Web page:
Some banks are loosening their mortgage standards, and more bankers are expecting less stringent rules soon
In recent years, it’s been tough for many Americans to qualify for a mortgage loan. Now, there are signs that standards are gradually loosening.
The Federal Reserve’s newest survey of senior loan officers shows that almost 10 percent of banks have eased their lending standards for low-risk mortgages in the first quarter of 2013. That’s up from 5 percent reported in the previous quarter.
Also, nearly 20 percent of bank risk professionals anticipate the criteria for approving loans to become more relaxed, according to the most recent quarterly survey by credit reporting company FICO and risk management association PRMIA. In the survey’s three-year history, that 20 percent is the third-highest level ever recorded for eased lending rules.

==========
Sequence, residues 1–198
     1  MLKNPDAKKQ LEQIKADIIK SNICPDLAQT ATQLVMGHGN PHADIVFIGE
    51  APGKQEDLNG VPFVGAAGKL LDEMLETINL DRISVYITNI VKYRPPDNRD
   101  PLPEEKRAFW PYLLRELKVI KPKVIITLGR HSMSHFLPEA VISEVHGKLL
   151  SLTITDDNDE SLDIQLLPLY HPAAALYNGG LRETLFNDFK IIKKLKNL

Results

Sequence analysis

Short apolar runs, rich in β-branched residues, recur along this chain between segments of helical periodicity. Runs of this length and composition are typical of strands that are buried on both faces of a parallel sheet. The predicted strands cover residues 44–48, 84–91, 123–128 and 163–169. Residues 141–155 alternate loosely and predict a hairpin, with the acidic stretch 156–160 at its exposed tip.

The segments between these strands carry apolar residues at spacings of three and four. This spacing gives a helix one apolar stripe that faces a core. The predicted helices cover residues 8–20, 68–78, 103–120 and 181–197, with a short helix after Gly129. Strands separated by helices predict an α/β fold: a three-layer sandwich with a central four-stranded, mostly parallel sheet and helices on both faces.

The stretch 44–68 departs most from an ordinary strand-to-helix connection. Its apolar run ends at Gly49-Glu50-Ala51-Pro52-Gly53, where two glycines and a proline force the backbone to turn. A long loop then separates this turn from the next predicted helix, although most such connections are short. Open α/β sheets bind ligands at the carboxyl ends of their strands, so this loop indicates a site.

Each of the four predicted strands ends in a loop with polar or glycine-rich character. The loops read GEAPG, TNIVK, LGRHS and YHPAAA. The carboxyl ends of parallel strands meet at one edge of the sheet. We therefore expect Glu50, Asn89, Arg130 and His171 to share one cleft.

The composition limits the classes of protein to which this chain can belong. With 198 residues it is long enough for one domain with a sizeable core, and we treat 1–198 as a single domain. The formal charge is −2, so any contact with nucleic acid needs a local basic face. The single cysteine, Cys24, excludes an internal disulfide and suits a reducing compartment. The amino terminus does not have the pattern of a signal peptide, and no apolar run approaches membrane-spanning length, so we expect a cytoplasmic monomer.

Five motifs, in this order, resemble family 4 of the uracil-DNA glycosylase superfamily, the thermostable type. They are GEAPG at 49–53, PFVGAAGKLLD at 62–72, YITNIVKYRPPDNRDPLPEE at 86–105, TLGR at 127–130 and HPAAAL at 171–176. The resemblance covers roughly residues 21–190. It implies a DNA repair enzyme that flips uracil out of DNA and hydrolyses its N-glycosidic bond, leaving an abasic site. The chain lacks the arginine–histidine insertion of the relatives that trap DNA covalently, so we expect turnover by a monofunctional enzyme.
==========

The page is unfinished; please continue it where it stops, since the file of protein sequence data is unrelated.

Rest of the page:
While the 20 percent finding may be small, it’s still encouraging news to prospective borrowers, says David Crowe, chief economist of economics and housing policy for the National Association of Home Builders.
He says improving house prices and additional information from the federal government about lending rules are major factors. This ensures that “lenders and investors will know the risks they are taking on and be willing to lend to a wider array of borrowers,” Crowe says.
“It should mean that the more traditional mortgage borrower who was able to get a mortgage in the early 2000s, before credit standards fell, will be able to get a mortgage at a competitive rate again,” he adds.
Jean Segner, group vice president of mortgage client experience for SunTrust Mortgage, Richmond, Va., believes lending guidelines will become less stringent due to “increased confidence in the real estate market and banks eager to help clients with their financial well-being.” – Erik J. Martin